ETHICS AND DISSEMINATION: Ethics approval for this study is not required. We will disseminate the results through publication in a peer-reviewed journals.
    REGISTRATION: Open Science Framework (osf.io/vh8yx).
    Keywords:  basic sciences; epidemiology; statistics & research methods
    DOI:  https://doi.org/10.1136/bmjopen-2020-038571
  18. F1000Res. 2020 ;9 210
    Schmidt L, Olorisade BK, McGuinness LA, Higgins JPT.
      Background: Researchers in evidence-based medicine cannot keep up with the amounts of both old and newly published primary research articles. Conducting and updating of systematic reviews is time-consuming. In practice, data extraction is one of the most complex tasks in this process. Exponential improvements in computational processing speed and data storage are fostering the development of data extraction models and algorithms. This, in combination with quicker pathways to publication, led to a large landscape of tools and methods for data extraction tasks. Objective: To review published methods and tools for data extraction to (semi)automate the systematic reviewing process. Methods: We propose to conduct a living review. With this methodology we aim to do monthly search updates, as well as bi-annual review updates if new evidence permits it. In a cross-sectional analysis we will extract methodological characteristics and assess the quality of reporting in our included papers. Conclusions: We aim to increase transparency in the reporting and assessment of machine learning technologies to the benefit of data scientists, systematic reviewers and funders of health research. This living review will help to reduce duplicate efforts by data scientists who develop data extraction methods. It will also serve to inform systematic reviewers about possibilities to support their data extraction.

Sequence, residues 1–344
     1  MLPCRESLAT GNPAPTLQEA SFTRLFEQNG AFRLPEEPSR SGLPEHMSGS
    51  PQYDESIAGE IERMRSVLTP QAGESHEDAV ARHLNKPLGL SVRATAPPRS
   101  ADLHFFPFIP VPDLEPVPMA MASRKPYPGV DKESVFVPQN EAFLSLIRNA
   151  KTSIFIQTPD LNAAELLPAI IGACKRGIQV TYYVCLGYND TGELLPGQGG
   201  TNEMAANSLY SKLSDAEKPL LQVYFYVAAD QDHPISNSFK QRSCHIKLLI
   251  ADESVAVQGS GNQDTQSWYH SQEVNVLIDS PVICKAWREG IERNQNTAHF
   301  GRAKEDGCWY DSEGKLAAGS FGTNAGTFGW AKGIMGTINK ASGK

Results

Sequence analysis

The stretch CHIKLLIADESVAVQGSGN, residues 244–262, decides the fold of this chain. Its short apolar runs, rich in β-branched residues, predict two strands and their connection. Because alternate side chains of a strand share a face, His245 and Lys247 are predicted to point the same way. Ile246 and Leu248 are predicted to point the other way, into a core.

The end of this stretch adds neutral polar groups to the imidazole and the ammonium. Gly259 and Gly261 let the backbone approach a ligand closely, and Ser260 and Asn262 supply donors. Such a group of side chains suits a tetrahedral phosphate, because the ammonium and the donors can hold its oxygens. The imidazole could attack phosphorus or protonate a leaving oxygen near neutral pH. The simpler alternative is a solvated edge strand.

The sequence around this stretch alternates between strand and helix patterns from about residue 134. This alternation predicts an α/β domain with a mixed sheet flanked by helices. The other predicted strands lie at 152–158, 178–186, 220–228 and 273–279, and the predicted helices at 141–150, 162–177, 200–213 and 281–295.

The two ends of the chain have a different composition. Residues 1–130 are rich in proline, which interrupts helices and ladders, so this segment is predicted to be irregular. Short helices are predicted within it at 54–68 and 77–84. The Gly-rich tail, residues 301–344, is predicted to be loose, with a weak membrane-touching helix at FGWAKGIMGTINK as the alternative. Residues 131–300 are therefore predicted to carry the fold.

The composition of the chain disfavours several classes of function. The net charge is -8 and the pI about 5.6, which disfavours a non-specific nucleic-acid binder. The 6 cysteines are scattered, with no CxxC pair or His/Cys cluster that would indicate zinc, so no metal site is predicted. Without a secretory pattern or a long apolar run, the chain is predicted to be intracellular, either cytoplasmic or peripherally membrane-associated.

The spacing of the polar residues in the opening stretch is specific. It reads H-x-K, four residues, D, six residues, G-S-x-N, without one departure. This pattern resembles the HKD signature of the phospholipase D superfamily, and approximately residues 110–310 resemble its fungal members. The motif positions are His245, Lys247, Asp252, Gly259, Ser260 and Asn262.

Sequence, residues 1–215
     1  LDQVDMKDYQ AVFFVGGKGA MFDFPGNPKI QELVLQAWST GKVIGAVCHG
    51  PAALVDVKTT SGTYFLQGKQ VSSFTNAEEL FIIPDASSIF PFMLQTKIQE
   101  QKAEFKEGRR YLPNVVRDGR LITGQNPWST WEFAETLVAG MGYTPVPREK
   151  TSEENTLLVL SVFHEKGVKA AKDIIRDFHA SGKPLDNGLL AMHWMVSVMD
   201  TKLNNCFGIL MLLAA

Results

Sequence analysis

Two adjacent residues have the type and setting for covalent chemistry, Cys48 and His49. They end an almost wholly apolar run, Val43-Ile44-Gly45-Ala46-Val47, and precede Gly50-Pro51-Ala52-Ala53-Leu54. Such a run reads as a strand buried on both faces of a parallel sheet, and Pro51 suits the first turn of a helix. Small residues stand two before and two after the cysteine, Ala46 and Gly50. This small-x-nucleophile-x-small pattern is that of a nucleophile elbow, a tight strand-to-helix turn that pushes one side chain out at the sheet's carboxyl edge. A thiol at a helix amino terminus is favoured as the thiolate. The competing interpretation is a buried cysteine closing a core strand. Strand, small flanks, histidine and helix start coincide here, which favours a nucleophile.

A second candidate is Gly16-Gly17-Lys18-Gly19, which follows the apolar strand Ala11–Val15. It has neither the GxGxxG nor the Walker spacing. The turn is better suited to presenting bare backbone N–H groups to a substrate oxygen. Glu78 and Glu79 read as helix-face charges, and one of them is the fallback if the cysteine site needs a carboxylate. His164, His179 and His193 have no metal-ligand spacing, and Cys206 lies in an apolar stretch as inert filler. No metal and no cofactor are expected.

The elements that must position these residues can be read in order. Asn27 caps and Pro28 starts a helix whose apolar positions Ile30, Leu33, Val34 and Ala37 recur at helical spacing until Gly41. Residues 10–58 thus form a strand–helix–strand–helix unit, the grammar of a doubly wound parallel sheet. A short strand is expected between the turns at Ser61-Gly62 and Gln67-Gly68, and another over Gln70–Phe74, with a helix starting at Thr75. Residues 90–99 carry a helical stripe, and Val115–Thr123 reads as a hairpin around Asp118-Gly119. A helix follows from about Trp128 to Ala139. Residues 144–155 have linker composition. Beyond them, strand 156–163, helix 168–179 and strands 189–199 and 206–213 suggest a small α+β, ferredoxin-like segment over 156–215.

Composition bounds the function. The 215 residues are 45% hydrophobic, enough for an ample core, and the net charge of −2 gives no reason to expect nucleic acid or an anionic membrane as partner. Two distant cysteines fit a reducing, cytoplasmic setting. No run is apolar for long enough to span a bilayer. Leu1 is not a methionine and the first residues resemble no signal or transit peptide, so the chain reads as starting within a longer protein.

Keywords:  Data Extraction; Natural Language Processing; Reproducibility; Systematic reviews; Text mining
    DOI:  https://doi.org/10.12688/f1000research.22781.1
  19. Med J Malaysia. 2020 Jul;75(4): 323-324
    Rampal L, Liew BS, Oothuman P, Philip R, Mohd Sidik S, Hoe VC, Baharudin A.
      Proper understanding the 'Instructions to authors' for a particular journal is the key towards successful submission of a manuscript which will lead to it being published. Common errors that are frequently made by authors in their submission to the Malaysia Journal of Malaysia (MJM) that lead to rejection of their submission or requiring major revisions or minor revisions are listed and discussed in this article. Outright rejection prior to even a peer review process may be made for an article due to: it is poorly written or when there is suspicion on the authenticity of the submission, which contains elements that are suspected to be plagiarised, it is a duplicate submission or not in the format required by the MJM. The editor in charge of the issue makes a recommendation to the Editor in Chief for the final decision.
  20. Cureus. 2020 Jun 24. 12(6): e8802
    Hussain M, Rehman R, Baig M.